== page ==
China will remain a key go-to destination for multinational corporations in 2023 as the country's massive and lucrative domestic market and its opening-up measures boost business confidence amid subdued global investment sentiment, said business executives on Thursday.
They also said foreign companies operating in China, especially manufacturers, will continue to set up new digitally enabled plants, establish innovation centers and seek to grab more market share in their respective industries, including automotive, consumer goods, green development and high-end manufacturing.
US-based 3M Co has been heading in that direction. It will set up a $2.5 million thermal runaway barrier — TRB — converting production line at its Hefei plant in Anhui province in the first quarter of 2023, aiming to supply more products for new energy vehicle producers in China.
Typically, TRB material is applied in the battery systems of electric vehicles or EVs. It can effectively enhance battery thermal management performance and reduce risk of thermal runaway caused by battery overheating, 3M said.
Mass production in China will enable 3M to respond more quickly to the growing demand in the local EV market, said Tony Shen, global segment leader for ePowertrain of 3M Automotive and Aerospace Solutions, a subsidiary of 3M.
In early December, ABB Group, the Swiss technology company, opened its $150 million mega robotics factory with production and research facilities in Shanghai. It will deploy the company's digital and automation technologies to manufacture next-generation robots, which will be supplied to markets in both China and the Asia-Pacific region, said Marc Segura, president of ABB Robotics, a business unit of ABB Group.
"Apart from providing products and solutions to automakers across China, we see more market opportunities from other emerging sectors, such as electronics, e-commerce logistics, healthcare, pharmaceutical and service robots," he said.
Supported by China's industrial and supply chains, foreign manufacturing companies that use high-tech or low-tech are willing to further expand their market presence in the country, with an eye on long-term prospects. They see strong demand emerging in China and the Asia-Pacific region. Such companies include Germany's Siemens AG and Japan's Panasonic Holdings Corp as well as low-tech businesses from home appliance, garment and toy production sectors, said Gao Lingyun, a researcher at the Institute of World Economics and Politics, which is part of the Chinese Academy of Social Sciences in Beijing.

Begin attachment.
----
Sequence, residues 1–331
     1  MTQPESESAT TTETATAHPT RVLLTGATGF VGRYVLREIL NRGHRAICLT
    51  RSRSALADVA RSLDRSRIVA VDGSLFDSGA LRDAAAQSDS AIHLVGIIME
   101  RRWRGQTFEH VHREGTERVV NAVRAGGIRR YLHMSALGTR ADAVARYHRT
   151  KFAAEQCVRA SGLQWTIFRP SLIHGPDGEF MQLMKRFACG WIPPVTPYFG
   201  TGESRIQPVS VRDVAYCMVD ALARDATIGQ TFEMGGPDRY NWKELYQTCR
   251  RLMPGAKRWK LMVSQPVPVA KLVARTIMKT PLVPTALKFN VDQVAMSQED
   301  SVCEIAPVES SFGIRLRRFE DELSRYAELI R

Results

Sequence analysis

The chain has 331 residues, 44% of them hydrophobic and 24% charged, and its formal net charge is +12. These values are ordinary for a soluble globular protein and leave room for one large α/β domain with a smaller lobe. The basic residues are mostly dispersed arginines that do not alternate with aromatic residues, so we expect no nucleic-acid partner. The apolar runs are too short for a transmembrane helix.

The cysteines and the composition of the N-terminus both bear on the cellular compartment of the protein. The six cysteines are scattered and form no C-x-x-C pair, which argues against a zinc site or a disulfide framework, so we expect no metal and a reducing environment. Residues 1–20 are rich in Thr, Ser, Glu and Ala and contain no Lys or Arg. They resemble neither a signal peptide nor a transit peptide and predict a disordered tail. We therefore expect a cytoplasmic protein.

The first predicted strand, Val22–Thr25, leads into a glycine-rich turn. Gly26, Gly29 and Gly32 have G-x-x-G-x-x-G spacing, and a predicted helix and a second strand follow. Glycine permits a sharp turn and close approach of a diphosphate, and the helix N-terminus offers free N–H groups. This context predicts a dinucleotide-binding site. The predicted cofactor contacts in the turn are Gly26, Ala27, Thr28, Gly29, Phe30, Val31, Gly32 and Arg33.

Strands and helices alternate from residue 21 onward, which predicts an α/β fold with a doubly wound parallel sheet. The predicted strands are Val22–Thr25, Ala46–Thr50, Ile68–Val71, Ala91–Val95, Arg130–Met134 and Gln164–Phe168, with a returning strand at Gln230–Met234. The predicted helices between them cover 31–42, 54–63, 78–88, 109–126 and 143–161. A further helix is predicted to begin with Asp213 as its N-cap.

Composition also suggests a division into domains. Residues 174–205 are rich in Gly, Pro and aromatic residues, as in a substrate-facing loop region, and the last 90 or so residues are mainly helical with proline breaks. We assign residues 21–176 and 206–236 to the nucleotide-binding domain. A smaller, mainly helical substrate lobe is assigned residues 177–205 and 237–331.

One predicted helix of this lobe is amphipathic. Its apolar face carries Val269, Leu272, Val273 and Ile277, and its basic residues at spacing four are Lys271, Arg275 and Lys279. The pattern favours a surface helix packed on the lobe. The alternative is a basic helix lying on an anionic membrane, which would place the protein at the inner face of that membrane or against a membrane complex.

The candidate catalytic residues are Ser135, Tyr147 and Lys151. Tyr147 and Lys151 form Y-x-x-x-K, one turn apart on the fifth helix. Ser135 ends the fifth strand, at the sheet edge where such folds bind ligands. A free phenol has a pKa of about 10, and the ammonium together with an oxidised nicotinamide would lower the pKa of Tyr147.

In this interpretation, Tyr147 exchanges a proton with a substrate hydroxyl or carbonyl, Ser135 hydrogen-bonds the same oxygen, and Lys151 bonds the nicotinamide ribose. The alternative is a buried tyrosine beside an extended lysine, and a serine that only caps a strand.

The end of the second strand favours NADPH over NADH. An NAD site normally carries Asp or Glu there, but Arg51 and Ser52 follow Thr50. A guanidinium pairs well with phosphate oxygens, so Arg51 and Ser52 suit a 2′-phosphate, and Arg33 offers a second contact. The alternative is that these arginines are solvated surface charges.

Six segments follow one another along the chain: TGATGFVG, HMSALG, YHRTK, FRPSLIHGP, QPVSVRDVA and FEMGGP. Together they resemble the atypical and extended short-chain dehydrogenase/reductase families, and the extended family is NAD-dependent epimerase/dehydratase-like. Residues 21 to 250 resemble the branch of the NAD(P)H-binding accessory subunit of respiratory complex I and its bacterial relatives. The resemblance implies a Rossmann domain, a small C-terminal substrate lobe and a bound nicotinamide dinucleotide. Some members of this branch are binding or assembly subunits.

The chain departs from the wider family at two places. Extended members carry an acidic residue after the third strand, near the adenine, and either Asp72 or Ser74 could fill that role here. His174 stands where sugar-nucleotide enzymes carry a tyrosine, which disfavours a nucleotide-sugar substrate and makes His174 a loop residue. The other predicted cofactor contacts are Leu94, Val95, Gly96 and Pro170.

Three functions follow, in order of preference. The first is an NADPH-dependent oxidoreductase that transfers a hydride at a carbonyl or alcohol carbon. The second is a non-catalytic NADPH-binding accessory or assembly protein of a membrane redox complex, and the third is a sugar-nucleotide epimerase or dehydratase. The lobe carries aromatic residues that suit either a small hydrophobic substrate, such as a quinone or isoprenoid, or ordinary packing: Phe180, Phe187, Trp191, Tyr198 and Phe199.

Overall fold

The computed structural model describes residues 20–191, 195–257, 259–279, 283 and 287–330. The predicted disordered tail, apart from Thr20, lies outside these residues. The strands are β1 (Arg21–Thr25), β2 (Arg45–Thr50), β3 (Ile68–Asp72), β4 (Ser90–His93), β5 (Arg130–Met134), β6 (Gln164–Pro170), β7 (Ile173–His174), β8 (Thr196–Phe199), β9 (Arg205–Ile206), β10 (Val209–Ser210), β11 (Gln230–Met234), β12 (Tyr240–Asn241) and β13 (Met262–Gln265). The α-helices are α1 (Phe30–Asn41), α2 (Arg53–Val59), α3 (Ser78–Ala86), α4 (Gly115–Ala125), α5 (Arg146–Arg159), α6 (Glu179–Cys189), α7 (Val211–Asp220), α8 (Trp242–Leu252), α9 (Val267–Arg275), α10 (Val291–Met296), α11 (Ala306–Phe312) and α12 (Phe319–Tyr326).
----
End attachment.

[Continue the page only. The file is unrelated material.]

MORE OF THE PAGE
Although the production costs of foreign companies in China are rising, the country has established an efficient and well-established manufacturing ecosystem to ensure high productivity. The ecosystem also includes well-developed logistics infrastructure such as ports and roads as well as well-trained workers, said Gao.
Concurred Jason Peng, global vice-president and executive president for China unit of Danaher Corp, a US-based conglomerate that designs, manufactures and markets professional, medical, industrial and commercial products and services, mainly in the fields of water, product identification, diagnostics and life sciences. "In addition to enhancing our capabilities for production, sales and innovation, we will invest more to consolidate our industrial chain in China," said Peng.
For instance, Pall Corp, Danaher's microelectronics business unit based in New York, has been accelerating its localization pace in China by setting up innovation and technical support facilities, and expanding its manufacturing capacity of microelectronic filtration products, as well as delivering China-based manufacturing, research and development, and applications.
A plan whose implementation started in 2022 and will continue till 2025 will see Pall harnessing the power of China's supply chain, employing local talent and investing 70 million yuan ($10.05 million) to further expand its semiconductor product portfolio and the capacity of its plant in Beijing. This will help better serve its customers in both China and the Asia-Pacific region.
The actual use of foreign direct investment in China expanded 9.9 percent year-on-year to 1.16 trillion yuan during the January-November period, data from the Ministry of Commerce showed.